In March, Global Britain signed a new, post-Brexit trade deal with Kenya. This was a welcome agreement for my homeland, where the pandemic has caused tremendous economic suffering, but where comparatively few deaths have occurred among the fit, young population. Weeks later, on 9 April, the UK condemned its former colony to the red list of countries. Non-citizens were banned from travelling to the UK from Kenya, while arriving UK passport holders faced a £1,750, ten-day incarceration in a quarantine hotel.
Such extreme measures were imposed on the excuse that a ‘significant’ number of passengers arriving from Nairobi tested positive for a variant of concern. It appears that, in fact, 17 out of 2,993 passengers from Kenya in the six weeks prior to the ban had this variant. Kenya’s government, rightly furious at the injustice, responded by imposing similar restrictive measures against Britons travelling to Kenya, including UK passport holders resident in this country. All direct flights were suspended.
Around 25,000 British passport holders live in Kenya. UK companies are among the top investors and taxpayers here. Nearly 140,000 British tourists visit Kenya annually, adoring the country for its safaris and beaches, maintaining links that are built on decades of family history and a recognition that this is truly among the most wonderful places in the world. The collapse of tourism in the past 18 months has pushed nearly two million people out of work and, without safari pounds to fund wildlife conservation, there are terrible consequences for pristine wilderness and the rare species we all wish to rescue from extinction.
Suddenly, UK residents in Kenya faced separation from loved ones stranded overseas. This included thousands of children at schools in the old country, plus of course many Kenyans wanting to travel for business and education.
Britain’s post-Brexit diplomacy is now entrusted to the Foreign, Commonwealth & Development Office, or FCDO. The attitude of its diplomats in Nairobi towards their own citizens living in Kenya is often either dismissive or resentful. As civil servants they distrust private businesspeople, as diplomatic panjandrums they regard ordinary Brits as a pesky interference — always dying, landing in trouble or getting robbed. Despite the fact that most Kenya-based Britons are not even white, they also tend to regard them as post-colonials who are having too much of a good time in the Tropics. Little has changed since the 1940s when, as James Fox in White Mischief explains, the English suffering Dunkirk and the Blitz saw Kenya as this paradise, where ‘there was a suspicion of the colonies at home [liable to touch] off a tinderbox of resentment…’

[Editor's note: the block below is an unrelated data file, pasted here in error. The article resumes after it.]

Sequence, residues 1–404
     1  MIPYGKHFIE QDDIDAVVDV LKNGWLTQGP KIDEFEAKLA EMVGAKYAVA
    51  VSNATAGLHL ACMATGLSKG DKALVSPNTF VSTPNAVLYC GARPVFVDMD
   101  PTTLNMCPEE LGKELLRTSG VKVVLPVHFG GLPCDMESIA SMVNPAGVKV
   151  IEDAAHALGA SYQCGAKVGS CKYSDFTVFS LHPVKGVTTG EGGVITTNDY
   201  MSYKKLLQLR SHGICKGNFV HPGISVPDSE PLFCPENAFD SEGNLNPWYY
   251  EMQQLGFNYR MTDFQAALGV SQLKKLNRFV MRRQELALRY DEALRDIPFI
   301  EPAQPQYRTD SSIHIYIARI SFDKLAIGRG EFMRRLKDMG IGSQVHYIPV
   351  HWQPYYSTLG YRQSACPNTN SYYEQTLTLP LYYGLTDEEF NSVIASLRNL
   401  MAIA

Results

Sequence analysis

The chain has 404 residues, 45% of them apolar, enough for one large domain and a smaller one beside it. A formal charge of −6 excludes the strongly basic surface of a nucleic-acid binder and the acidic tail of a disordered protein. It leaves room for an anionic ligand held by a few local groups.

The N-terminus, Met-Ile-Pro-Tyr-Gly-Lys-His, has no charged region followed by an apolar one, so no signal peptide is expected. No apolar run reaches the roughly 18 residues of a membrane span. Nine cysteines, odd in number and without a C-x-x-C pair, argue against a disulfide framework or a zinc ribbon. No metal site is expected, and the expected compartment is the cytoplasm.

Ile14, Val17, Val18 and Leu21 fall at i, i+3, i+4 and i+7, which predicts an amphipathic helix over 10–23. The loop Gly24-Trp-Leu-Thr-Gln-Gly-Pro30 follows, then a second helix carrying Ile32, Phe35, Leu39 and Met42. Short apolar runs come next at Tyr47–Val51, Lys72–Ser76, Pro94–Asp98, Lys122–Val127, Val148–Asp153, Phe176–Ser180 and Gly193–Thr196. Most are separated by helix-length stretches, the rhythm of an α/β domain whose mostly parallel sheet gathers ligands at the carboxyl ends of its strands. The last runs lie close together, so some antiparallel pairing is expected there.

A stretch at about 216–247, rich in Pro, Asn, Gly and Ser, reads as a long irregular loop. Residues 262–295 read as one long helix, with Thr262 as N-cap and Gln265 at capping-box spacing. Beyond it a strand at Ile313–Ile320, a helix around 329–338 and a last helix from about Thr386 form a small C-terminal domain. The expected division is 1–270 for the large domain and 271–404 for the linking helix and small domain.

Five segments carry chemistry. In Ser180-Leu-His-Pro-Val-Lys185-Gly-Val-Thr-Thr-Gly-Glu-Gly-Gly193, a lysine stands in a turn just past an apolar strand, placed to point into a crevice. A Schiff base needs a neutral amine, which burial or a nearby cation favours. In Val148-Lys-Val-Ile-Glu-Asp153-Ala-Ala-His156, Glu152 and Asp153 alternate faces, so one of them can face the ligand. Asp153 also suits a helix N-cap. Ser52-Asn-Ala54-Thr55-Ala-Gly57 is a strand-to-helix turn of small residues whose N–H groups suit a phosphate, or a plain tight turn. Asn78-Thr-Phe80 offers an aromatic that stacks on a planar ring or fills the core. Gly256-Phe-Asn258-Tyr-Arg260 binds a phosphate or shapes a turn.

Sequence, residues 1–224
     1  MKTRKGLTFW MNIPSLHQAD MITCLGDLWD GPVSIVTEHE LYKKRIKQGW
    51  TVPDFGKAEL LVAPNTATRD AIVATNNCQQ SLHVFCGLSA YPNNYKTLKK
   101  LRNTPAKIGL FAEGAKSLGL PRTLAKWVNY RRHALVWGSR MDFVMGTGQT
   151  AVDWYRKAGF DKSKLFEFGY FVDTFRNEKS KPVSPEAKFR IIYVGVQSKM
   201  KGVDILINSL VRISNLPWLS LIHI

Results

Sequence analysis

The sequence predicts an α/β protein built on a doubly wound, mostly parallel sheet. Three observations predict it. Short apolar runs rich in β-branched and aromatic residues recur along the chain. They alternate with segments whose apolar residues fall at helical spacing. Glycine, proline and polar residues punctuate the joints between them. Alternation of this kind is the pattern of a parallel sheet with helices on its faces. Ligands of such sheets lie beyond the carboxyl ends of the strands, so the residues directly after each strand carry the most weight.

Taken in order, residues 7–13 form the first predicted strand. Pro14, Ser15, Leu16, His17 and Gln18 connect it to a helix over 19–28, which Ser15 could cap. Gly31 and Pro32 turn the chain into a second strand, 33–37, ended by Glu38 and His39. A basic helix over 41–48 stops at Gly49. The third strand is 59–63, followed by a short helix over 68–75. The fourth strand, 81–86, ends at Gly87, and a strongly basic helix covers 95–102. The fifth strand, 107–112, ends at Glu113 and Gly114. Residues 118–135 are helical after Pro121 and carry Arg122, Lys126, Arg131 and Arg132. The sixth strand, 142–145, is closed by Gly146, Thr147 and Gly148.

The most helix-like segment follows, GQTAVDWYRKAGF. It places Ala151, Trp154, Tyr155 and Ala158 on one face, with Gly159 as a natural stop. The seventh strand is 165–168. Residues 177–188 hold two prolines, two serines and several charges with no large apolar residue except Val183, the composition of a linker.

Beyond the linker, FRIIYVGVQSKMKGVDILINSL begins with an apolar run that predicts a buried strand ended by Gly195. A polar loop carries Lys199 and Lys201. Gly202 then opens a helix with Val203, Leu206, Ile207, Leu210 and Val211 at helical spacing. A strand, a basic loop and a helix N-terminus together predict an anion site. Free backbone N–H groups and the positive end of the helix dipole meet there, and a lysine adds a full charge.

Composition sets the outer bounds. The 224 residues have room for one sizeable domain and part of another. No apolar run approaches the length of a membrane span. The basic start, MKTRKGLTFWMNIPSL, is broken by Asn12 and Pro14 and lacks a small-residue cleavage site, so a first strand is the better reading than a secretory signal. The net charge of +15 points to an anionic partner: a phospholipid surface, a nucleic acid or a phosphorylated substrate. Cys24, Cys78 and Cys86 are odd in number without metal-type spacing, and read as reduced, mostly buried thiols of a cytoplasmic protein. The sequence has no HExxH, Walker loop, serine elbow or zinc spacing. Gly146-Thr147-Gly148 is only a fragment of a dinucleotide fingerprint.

Unsurprisingly, the FCDO had no interest in Kenya’s foreign ministry relaxing the restrictions. All the UK consular section did was update the GOV.UK website by copy and pasting statements released by Kenya’s state corporation in charge of civil aviation. The language in these advisories was confusing because the original authors’ first tongue was not English — and the British diplomats apparently did nothing to seek clarity for the benefit of their own people. In response to distressed parents’ questions, the consul sternly advised against any travel by unaccompanied minors. It seemed British children and others stranded in the UK would be marooned for the summer, separated from families. And this, despite the fact that most Britons in Kenya are long-term residents. They have made their homes here, invested all they have here, though they might choose to school their children back in the old country because, like many Kenyans, they realise it still provides a top-quality education. Despite their passports, they may own no houses in the UK, nor have any surviving relatives there, or friends on whom they can land their children for several months at a stretch.
Oh, perfidious Albion!
Unlikely salvation came from a Whats-App group of mothers whose children attend school in the UK. As the summer holidays approached, a frenzy of texts circulated about what could be done to bring the kids home. Before you dismiss them as a blowsy bunch of memsahibs drinking white wine with cigarettes in the highland sunshine — remember Kipling said: ‘When the early Jesuit fathers preached to Hurons and Choctaws,/ They prayed to be delivered from the vengeance of the squaws.’
These WhatsApp mums knew other mums who were evidently Kenyan VIPs, some of them with children castaway in England. An issue the FCDO disregarded, or saw as stickier than the Middle East, was finessed within hours by mothers on all sides and, miraculously, what I’ll call the Lollipop Airlift was agreed. Kenya relaxed restrictions on British travellers enough to allow them back into the country, returning families and tourists alike. What a kind and rational decision by Nairobi, sadly not yet reciprocated by the UK, which maintains this hypochondriac red listing against Kenya and many other sorely needed friends across the world and especially in Africa.
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